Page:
Mount Zion Church and Sunday School

In 1875 work began on the Sunday school building, on the right of the picture. It was opened in 1876 and this is the building currently used for worship today.

The Baptist Church in Salterforth

The Church was founded in the early 1850's by the members of the Barnoldswick Baptist Church.   Some evidence points to 1852.  By the end of the 19th century plans were afoot to build a new church and this was completed in 1903.  Today the church worships in the original building.

Very few early records of the life of the church exists, so most of it's history is by hearsay and a few photographic records. 

  

The church building completed in 1903 now demolished.

  

Interior of the church circa 1920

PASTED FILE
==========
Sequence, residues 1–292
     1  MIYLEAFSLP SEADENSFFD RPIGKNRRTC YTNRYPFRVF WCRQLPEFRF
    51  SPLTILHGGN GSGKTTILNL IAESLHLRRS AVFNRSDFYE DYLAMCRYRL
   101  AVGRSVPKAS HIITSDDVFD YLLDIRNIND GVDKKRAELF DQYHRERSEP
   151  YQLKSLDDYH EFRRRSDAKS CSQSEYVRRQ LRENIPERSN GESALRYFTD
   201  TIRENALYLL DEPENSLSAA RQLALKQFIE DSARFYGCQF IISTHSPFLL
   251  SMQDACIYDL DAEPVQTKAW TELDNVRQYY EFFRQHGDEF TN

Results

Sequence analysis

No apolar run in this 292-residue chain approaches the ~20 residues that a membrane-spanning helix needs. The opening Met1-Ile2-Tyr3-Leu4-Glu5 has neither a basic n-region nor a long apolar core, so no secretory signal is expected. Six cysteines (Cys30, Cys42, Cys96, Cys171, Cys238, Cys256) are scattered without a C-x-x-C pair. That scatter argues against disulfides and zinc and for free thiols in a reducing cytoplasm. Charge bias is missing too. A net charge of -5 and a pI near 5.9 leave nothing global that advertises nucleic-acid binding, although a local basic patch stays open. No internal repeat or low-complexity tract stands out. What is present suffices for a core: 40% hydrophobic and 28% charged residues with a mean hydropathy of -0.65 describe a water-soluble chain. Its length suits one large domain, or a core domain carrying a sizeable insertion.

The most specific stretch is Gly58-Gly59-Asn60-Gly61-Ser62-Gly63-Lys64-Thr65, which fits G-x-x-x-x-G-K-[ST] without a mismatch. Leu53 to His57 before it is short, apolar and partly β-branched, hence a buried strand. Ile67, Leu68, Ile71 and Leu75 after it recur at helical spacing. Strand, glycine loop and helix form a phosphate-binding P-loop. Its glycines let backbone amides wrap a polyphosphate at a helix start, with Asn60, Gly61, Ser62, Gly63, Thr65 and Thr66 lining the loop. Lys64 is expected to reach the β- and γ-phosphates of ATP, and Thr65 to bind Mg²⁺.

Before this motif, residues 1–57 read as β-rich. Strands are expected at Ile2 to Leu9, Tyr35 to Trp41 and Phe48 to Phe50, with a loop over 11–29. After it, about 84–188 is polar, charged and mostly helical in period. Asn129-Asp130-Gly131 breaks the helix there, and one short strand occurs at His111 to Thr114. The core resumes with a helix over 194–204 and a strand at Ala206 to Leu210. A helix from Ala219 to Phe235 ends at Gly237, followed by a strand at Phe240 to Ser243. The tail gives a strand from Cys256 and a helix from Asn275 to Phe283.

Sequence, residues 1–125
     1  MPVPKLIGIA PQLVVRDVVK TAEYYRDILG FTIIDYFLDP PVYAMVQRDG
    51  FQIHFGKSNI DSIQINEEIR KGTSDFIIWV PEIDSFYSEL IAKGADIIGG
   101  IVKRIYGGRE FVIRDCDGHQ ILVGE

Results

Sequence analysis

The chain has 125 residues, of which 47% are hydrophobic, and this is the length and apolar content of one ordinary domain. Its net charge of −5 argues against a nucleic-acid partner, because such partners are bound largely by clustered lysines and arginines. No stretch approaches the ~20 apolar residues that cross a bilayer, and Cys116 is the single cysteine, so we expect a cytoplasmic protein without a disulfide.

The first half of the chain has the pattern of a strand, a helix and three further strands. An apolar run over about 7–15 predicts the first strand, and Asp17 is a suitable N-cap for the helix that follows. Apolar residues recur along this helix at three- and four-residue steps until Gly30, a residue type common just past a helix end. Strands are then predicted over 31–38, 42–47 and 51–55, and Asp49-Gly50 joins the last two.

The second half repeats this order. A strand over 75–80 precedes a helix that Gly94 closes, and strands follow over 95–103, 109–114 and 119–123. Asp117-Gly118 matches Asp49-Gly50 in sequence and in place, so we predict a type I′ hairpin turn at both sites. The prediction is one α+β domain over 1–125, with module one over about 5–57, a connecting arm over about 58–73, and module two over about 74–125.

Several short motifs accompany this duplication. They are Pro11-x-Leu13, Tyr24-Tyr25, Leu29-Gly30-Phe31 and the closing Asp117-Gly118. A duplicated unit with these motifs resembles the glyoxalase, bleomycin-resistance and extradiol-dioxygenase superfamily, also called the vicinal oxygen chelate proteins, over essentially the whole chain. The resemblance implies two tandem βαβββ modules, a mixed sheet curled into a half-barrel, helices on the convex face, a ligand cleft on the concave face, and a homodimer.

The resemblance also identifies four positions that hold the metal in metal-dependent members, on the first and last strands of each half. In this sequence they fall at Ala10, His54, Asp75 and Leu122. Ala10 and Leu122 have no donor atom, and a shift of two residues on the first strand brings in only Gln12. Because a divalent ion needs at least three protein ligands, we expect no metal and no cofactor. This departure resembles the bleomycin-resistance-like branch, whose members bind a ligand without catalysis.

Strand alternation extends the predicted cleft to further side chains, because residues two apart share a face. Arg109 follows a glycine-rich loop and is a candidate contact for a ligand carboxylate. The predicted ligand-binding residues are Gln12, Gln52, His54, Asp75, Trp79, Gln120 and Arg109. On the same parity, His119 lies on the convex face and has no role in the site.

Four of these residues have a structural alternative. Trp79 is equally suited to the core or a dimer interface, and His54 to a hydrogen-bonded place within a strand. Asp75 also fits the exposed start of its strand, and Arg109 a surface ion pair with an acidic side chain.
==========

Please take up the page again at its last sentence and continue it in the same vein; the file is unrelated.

The 19th and 20th Century

The four churches of the West Craven Fellowship erected larger buildings and played an important life in their communities and in the association.

 

Mount Zion Chapel Earby

 

 

 

 

 

 

 

 

 

 

 

 

Bethesda B'wick 1852 remodelled 1902

 

 

 The Baptist Church North Street 1879

 Salterforth Church

 

In 1959 the two Barnoldswick churches shared a pastor and in 1971 had reunited.

The three churches, which had worked harmoniously together in the 20 century, formed much

deeper ties in the West Craven Baptist Fellowship in 1988. Buildings erected in the 1800

were not appropriate for the worship and mission of the church and in the latter part of the

20 century each church began to look at adapting premises to meet the worship and

mission of a new age.

 
 
 

Barnoldswick built a new Church Centre in 1977

 
Redundant sites were all turned to good community use this is David Crosley House. Site of the old Bethesda Church  

Preston Beck and Wilkinson Mount were

built on the site of the old

Mount Zion Church.